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With as many as 46 pen pals, these Long Islanders keep letter writing alive

Megan Warantz, at her Oceanside home, corresponds with

Megan Warantz, at her Oceanside home, corresponds with pen pals from all over the United States. Credit: Danielle Silverman

Some people have one pen pal they exchange letters with on a regular basis.

Megan Warantz, a 60-year-old television and movie producer from Oceanside, has 18.

Melissa Bedell, a 44-year-old director of a nursery school from Seaford, has 46.

And Gosia Olszewski, 33, who works for a liquor company and lives in Port Jefferson, has 10.

The old-fashioned art of writing a letter has become a hobby for some Long Islanders, modernized by the fact that they found each other on Facebook or Instagram. The vast majority are women; Warantz launched a snail-mail pen pal Facebook group for women older than 50 that now has more than 800 members.

Some letter writers, such as Olszewski, say they discovered or developed their passion during the pandemic. "We couldn’t see family or friends. But the post office was still open, and I had stamps and stuff. Now I have a whole little office dedicated to my snail mail," she says.

Echoes Maxine Karmily-Etessami, 35, of Great Neck: "It helped so much. It gave me something to do, it gave me something to focus on and look forward to just by checking the mail."


People find a group devoted to snail mail letter writing online and introduce themselves in a post, talking a little bit about their interests and their families. Then others will comment that they would like to match up. They move to corresponding through a private message and will then exchange snail mail addresses and decide who will write first.

Some people aim for a pen pal in every state. Others go the international route, although gratification can take longer because it takes more time for those letters to go back and forth, writers say. "I just got a new pen pal from Singapore," Bedell says.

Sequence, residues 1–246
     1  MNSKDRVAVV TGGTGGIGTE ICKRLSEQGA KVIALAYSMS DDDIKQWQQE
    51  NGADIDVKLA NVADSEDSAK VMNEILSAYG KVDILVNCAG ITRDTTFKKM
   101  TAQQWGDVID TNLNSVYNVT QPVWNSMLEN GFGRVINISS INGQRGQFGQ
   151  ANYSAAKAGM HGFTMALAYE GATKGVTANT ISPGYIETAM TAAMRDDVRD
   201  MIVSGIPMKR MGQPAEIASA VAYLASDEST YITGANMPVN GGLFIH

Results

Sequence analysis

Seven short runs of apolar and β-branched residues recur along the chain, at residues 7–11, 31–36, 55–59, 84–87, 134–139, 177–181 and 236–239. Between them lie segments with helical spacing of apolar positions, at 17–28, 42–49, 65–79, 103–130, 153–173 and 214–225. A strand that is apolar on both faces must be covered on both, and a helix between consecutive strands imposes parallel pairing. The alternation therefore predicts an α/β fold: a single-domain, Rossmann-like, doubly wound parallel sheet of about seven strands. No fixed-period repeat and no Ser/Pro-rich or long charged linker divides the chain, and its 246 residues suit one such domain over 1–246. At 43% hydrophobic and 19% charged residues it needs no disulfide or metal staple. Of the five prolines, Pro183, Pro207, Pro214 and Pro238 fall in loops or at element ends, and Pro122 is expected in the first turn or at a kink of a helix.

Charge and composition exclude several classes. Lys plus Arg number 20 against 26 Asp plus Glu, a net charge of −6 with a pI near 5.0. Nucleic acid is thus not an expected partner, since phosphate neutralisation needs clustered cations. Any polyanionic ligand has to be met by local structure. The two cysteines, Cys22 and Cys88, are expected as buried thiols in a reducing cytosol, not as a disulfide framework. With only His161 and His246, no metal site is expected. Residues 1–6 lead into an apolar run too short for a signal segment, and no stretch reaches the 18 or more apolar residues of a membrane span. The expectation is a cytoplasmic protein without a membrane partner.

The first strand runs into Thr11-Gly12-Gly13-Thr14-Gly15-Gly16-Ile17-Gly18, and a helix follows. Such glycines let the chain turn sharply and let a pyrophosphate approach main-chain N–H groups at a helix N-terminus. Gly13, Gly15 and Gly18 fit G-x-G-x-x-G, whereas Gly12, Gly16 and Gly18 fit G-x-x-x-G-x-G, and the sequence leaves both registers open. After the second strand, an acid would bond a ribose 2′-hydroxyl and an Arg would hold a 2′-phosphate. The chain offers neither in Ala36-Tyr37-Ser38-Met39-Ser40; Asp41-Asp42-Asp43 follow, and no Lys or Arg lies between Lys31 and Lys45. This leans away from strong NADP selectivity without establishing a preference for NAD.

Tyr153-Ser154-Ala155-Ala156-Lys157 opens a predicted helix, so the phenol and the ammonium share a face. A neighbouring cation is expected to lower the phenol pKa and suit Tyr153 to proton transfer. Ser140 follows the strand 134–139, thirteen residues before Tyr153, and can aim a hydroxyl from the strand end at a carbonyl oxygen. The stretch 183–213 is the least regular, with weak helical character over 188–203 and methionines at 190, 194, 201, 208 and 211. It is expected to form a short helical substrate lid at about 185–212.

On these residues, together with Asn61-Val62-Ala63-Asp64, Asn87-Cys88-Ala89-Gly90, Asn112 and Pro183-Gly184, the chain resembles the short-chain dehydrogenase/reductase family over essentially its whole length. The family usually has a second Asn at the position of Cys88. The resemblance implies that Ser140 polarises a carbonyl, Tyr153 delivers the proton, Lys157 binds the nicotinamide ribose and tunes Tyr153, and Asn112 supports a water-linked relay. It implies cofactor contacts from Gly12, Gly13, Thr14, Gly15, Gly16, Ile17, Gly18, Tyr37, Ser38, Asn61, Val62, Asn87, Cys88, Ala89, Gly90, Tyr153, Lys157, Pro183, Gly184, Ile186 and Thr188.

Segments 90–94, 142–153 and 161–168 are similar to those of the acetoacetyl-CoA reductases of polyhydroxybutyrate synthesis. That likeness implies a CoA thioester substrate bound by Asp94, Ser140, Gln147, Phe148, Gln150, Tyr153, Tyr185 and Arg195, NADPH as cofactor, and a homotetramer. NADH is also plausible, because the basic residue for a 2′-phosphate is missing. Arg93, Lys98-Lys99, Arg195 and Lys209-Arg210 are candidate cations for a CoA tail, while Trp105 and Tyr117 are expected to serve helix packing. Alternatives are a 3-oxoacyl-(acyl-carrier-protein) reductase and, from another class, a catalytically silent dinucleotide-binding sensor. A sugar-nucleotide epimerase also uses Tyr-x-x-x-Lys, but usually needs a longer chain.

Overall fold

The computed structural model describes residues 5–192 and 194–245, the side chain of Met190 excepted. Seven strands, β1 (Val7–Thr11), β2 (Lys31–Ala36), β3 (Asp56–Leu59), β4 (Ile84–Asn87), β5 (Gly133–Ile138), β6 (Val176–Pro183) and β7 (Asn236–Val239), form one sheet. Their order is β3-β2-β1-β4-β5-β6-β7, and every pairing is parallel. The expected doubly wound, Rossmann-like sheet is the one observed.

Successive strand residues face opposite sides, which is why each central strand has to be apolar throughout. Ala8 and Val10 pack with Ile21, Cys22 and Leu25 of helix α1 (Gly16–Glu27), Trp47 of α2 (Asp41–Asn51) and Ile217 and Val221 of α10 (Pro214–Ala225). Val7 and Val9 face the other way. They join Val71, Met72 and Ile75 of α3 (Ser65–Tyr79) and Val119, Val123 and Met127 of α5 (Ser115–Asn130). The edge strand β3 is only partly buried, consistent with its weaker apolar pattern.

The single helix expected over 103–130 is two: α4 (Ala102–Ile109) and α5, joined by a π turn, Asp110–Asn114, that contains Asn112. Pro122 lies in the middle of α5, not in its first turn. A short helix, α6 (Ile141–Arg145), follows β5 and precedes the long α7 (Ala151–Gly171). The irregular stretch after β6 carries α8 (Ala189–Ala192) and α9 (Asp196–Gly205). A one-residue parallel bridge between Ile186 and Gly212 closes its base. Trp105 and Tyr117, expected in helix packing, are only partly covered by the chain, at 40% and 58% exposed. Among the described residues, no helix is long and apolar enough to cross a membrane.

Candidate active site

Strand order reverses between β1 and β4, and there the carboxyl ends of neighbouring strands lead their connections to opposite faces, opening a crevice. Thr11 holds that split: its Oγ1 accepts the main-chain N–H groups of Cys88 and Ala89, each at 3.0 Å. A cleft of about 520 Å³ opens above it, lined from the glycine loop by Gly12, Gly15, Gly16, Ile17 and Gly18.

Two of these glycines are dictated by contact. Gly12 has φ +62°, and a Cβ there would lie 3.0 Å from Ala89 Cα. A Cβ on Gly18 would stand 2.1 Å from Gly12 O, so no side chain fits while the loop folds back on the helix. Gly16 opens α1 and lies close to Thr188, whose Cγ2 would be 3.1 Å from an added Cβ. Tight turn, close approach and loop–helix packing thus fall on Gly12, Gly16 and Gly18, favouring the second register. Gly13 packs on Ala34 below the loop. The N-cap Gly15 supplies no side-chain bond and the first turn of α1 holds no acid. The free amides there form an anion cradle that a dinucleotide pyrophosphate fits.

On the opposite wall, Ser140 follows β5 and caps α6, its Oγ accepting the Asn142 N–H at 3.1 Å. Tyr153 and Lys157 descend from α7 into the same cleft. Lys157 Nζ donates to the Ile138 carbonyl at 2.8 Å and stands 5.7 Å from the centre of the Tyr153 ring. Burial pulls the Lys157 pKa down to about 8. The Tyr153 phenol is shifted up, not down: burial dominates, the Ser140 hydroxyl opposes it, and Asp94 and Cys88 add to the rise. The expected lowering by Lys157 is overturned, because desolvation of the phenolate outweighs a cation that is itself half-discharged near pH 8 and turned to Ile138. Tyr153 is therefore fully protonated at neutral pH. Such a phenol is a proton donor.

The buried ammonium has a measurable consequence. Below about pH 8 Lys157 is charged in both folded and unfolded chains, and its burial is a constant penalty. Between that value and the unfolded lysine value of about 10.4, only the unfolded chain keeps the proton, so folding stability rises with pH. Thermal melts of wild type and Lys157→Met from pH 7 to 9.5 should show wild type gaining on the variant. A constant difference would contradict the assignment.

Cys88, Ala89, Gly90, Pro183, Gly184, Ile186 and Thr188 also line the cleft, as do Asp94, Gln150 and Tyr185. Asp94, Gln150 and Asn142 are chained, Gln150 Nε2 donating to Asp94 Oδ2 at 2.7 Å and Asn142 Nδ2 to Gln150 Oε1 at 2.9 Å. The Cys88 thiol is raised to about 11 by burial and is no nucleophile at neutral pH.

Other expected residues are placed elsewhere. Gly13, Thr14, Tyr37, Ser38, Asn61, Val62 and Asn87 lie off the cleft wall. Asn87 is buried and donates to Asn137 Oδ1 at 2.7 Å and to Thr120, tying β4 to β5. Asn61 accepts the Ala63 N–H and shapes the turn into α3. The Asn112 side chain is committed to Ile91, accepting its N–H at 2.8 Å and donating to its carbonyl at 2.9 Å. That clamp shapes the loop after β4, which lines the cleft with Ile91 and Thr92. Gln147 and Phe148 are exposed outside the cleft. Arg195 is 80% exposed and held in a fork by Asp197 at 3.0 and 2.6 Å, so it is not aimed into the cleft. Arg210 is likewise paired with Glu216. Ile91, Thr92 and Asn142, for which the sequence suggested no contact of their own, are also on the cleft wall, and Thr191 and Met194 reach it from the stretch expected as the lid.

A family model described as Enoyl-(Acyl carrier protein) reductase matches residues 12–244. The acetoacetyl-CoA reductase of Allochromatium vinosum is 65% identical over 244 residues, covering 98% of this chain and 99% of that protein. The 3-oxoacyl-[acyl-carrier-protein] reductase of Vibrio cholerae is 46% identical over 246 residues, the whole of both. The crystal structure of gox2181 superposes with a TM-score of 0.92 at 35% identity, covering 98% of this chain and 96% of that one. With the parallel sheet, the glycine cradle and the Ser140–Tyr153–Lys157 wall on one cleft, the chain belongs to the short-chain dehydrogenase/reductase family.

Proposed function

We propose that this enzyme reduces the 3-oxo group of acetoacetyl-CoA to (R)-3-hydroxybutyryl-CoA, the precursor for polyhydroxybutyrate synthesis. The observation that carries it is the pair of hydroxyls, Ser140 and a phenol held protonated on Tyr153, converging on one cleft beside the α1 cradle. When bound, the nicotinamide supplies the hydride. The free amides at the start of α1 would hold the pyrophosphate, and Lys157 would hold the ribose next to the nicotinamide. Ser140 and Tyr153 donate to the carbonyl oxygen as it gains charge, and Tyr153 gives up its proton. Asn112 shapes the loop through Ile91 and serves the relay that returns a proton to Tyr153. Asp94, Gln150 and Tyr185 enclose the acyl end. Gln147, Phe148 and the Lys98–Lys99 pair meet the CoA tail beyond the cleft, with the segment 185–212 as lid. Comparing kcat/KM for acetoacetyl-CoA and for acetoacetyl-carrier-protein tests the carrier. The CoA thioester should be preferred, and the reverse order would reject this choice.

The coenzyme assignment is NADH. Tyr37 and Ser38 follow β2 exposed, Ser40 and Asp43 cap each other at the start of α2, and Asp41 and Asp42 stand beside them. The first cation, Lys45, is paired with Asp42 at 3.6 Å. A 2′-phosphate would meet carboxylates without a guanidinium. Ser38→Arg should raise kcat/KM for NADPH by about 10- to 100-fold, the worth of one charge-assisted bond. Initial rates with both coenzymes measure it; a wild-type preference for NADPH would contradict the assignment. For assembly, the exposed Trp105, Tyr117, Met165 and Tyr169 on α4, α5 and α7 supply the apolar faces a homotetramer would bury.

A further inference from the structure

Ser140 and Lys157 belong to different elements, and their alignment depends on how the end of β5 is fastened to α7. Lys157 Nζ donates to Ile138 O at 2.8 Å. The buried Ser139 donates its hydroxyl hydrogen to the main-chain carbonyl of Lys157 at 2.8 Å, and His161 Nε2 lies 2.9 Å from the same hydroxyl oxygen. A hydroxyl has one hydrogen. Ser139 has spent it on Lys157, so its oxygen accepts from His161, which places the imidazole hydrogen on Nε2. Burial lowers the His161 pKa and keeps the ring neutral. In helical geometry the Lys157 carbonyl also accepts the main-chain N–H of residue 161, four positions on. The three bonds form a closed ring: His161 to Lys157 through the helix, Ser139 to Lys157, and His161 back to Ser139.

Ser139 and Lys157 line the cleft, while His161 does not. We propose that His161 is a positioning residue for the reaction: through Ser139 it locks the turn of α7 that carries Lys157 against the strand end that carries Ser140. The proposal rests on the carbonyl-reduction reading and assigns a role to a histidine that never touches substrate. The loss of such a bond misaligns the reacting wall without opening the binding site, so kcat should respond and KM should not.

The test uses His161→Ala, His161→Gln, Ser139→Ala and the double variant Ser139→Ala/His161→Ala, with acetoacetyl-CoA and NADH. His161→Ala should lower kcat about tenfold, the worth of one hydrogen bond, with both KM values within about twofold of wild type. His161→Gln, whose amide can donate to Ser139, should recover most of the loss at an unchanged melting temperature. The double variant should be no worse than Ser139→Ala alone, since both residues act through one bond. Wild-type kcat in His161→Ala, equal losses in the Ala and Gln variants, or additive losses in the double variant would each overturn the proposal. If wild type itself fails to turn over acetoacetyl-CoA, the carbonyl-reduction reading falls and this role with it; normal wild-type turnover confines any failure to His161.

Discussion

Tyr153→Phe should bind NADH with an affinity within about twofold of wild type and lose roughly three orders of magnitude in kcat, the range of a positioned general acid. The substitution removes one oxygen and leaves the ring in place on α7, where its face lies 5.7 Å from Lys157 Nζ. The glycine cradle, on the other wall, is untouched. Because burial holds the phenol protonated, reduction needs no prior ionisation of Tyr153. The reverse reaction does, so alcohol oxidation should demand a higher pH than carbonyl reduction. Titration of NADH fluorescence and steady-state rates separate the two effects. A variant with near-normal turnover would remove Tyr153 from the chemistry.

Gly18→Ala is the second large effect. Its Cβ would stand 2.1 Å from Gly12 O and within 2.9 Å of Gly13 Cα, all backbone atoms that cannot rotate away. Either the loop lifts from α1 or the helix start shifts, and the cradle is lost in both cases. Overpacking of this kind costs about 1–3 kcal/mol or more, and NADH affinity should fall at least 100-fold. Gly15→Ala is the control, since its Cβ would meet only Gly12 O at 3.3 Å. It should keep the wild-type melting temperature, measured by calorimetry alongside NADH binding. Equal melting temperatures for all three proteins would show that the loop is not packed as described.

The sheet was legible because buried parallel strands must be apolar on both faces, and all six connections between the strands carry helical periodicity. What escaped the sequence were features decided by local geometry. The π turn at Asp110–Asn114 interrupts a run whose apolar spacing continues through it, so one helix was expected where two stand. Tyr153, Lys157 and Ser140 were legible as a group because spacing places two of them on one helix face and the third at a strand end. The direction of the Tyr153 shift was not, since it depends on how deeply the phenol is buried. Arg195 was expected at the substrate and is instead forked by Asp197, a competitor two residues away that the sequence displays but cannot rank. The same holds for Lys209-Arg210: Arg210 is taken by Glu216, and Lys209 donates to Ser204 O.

One Sunday a month, Warantz spends six hours writing to people she calls her pen friends, personalizing the missives with hand-drawn pictures and decorating colorful envelopes with mandala designs. Her letters are typically eight to 10 pages, she says, but letters don’t have to be so long.


Several writers interviewed say the hobby is like journaling, like therapy.

"It’s calming. I sit with music and a cup of tea. I’m sure it has some mental health benefits for sure," Olszewski says.

Warantz agrees. "You have someone to confide in that is separated from your life," she says. "You write about what’s been going on in your life and your feelings. It has enriched my life. It has made me close to people I never would have met."

Letter writing brought together Karmily-Etessami and Robin Tauber, 44, of San Francisco, who works part time at a synagogue. Tauber says writing to Karmily-Etessami and other of her pen pals allows the women to connect on their own time frame. "If I call, they have to pick it up in the moment. If I send a letter, they can pick it up whenever they have time to pick it up. We connect on a lot of day-to-day stuff, as if we were just pals meeting up for coffee. It would be the same type of conversation."


The hobby is also an outlet for creativity and even for social justice, letter writers say.

Small businesses have sprung up on Etsy where people will sell decorative stamps and homemade stationery. Wax seals have become popular, Olszewski says. Olszewski and her girlfriend, who is a graphic designer, developed a rainbow-colored stamp for LGBT Pride month that they sold online to raise awareness.

Olszewski has met one of her pen pals who lives in Manhattan; together they’ve shopped for stamping tools, and Olszewski plans to attend the friend’s upcoming wedding. Other women says they’ve met up with multiple pen pals at the same time; some of them are pen pals with each other as well. "When the time comes and I travel to Europe, I have a list of snail mail friends I will be visiting," Olszewski says.

Bedell says she was supposed to meet one of her pen friends from England this past May when the family was planning to visit the country for Bedell’s daughter’s Sweet 16, but the pandemic canceled those plans. "We became almost best friends," Bedell says of her British pen pal. "I wish she lived next door."

For now, the post will have to suffice.

"It’s heartwarming when you go to get your mail," says Marnie Feffer, 35, of Hewlett, a technology auditor at a global bank. "Everything is black and white business letters; then there will be a yellow envelope decorated with stickers."

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